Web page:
Put Your Rent Check to Work:-The only one who benefits from a rent check is the landlord. Renters never see that money again, while homeowners usually profit when they sell. In addition, renters can’t use any of their rent payment as a tax deduction, like homeowners can. If you or someone you know is renting, it’s time to put that rent check to better use!
The mortgage-interest deduction is probably the best financial argument for buying rather than renting. Consider this example:
If you can afford a mortgage payment of $1,000 (principal and interest only), you can buy a house for $151,426 if you put 10% down on a 30-year mortgage at 8% interest. If your payments started in January, you would pay $10,862 in interest for the first year in the home. That entire amount is deductible on your federal income tax return! Assuming you are in the 27.5% tax bracket, you would save $2,989 in taxes, or $249 per month. So your $1,000 payment is really only $751 when you factor in the homeowner’s tax advantage.
Can A Renter Really Afford To Buy?
The real question is whether renters can afford not to buy. The tax savings alone make the purchase of a home a wise financial decision. But let’s go a step further.
Using the same example, a 10% down payment would create an immediate equity of $15,142. Assuming the $151,426 house grows in value by just 3% a year, in five years it would be worth $175,544. The original loan amount would then be down to $129,565, yielding an equity of $45,980. In addition, remember the nearly $3,000 tax savings every year. The total value of your equity and tax savings would be almost $61,000 after five years.
Pick A Loan
To take advantage of the financial benefits of homeownership, renters must first find out how much buying power they have. We can help. Call us for information about the whole range of mortgage options now available, including low- and no-down-payment loans, and programs that allow buyers wrap home-improvement costs and closing costs into the mortgage.
Although some lenders allow buyers to use up to 41% of monthly income to purchase a house, beware of becoming “house rich and cash poor.” Be sure to budget for homeownership costs beyond the mortgage, including expenses for:
decorating and furnishing
homeowners association fees (if any)
utilities-power, water, sewer, cable, trash pick-up
yard tools, supplies and general upkeep
home repairs, supplies, cleaning and upgrades.
Today, home ownership is a wonderful dream-come-true for more people than ever before. Let me help turn those dreams into a home to be proud of.
To Pay or Not to Pay : Among the first things people ask when shopping for a mortgage loan is: What’s the interest rate? The answer is often a percentage rate with points—for example, 4.5% plus 2 points. Here’s what those points are all about.
A loan discount point is equal to 1% of the loan amount. So, on a loan of $100,000, a borrower would pay $1,000 per point to the lender. (Fees, such as loan origination fees, are sometimes quoted in points, but here we’re talking about discount points, which are prepaid interest.)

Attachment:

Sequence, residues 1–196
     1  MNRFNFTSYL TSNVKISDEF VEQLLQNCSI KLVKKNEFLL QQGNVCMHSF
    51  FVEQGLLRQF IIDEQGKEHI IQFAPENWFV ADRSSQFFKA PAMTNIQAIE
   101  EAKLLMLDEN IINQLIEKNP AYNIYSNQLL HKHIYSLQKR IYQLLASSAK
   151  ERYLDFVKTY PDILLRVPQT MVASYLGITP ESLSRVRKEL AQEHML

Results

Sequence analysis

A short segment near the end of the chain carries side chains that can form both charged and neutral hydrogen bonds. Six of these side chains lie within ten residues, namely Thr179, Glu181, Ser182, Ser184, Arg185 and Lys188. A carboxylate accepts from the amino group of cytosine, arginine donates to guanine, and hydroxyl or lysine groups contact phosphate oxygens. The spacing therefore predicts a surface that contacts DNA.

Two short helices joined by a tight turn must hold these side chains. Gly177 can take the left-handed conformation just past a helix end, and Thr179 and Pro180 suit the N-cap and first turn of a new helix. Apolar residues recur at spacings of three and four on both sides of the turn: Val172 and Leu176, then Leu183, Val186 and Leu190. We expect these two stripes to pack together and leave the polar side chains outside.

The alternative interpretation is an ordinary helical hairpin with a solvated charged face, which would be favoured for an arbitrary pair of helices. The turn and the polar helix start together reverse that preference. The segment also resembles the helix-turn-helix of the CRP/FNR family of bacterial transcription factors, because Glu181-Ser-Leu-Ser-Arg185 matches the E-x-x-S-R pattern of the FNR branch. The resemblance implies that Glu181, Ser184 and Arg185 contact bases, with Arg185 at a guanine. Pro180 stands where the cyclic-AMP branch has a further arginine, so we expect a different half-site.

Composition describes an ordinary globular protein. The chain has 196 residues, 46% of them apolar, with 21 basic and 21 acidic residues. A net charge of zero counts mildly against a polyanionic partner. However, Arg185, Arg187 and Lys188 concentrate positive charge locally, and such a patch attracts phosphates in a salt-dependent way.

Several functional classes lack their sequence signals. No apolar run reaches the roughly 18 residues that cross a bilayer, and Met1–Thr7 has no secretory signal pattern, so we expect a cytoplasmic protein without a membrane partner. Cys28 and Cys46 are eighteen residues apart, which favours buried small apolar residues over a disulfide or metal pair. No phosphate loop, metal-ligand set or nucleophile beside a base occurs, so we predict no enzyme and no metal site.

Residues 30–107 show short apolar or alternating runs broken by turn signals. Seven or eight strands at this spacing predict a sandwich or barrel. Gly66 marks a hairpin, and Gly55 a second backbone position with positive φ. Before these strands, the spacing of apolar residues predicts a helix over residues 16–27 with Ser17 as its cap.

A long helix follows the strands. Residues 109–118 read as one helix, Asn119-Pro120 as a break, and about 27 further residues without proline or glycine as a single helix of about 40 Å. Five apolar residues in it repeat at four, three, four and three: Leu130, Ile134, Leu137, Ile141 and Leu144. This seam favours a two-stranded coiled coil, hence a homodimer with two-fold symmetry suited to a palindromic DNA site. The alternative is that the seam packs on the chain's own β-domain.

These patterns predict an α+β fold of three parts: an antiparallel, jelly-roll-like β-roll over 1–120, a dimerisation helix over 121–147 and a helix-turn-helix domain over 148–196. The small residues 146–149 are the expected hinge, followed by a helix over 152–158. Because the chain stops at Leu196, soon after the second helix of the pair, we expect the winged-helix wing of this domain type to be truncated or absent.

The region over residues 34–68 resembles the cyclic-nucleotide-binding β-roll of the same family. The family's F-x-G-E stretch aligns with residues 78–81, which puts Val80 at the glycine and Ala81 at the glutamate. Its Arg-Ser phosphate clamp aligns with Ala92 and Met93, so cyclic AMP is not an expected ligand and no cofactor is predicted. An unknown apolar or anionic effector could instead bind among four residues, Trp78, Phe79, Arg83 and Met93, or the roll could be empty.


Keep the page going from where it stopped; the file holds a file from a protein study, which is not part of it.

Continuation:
What’s the advantage to the borrower to pay points in addition to interest? By paying points, borrowers can get a lower interest rate—a discounted rate. In other words, borrowers pay points to “buy down” the mortgage interest rate, reducing their long-term interest expense on the loan.
To Pay Or Not To Pay
It is certainly possible to take out a mortgage without paying points. In fact, many borrowers opt to do so if they are short of cash for their home purchase or they don’t expect to own the home for long. But for many people, getting a lower interest rate is worth the up-front payment of at least some points.
What confuses many loan shoppers are the different combinations of rates and points available from lenders. Is a 4.5% loan with 2 points, for example, a better deal than a 5% loan with no points? That depends. Paying one point may get you a 1/8% to 1/4% drop in interest rate, depending on the current market. If the going trade-off is 1/4%, then our example loans are comparable. Still, one of those loans may be better for the borrower’s financial circumstances. Here’s how to know when paying points pays off.
1. Run The Numbers
For illustration purposes, say you pay 2 points ($2,000) on a $100,000, 30-year mortgage to get a 4.5% interest rate. Your principal-and-interest (PI) payments would be $6,080 per year. If instead you took a 5% loan paying no points, your annual PI payments would be $6,442—$362 more per year. You would, however, have to own the home about 5 1/2 years for your savings to pay back your $2,000 up-front points expense ($2,000 Ã· $362 = 5.53).
But what if you move sooner? You’ll lose more money in points than you’ll save with the lower-rate loan. Consider, too, you could have taken the higher-rate, no-point loan and invested your $2,000 elsewhere.
Another factor is how your tax bill will be affected. Paying less interest means a smaller mortgage-interest tax deduction, reducing the real savings achieved by buying down the rate. On the other hand, points are tax deductible in most cases. Consult IRS Publication 936 for further details.
2. Pay For The Long Haul
Paying points may be a great idea if you own your home for a while—how long depends on how much difference in interest rate your points can buy. If 2 points could buy you a larger drop in interest rate (rather than the 1/2% we calculated earlier), you could recoup your cost in a shorter time. If you owned the home in our earlier example for the full 30 years, your PI savings would be around $8,850 (not factoring in tax implications).
3. Finance The Points
If you think paying points is a sound choice but you are short of cash, you may be able to roll the points into your mortgage loan. In our example, you would finance $102,000 at the 4.5% rate.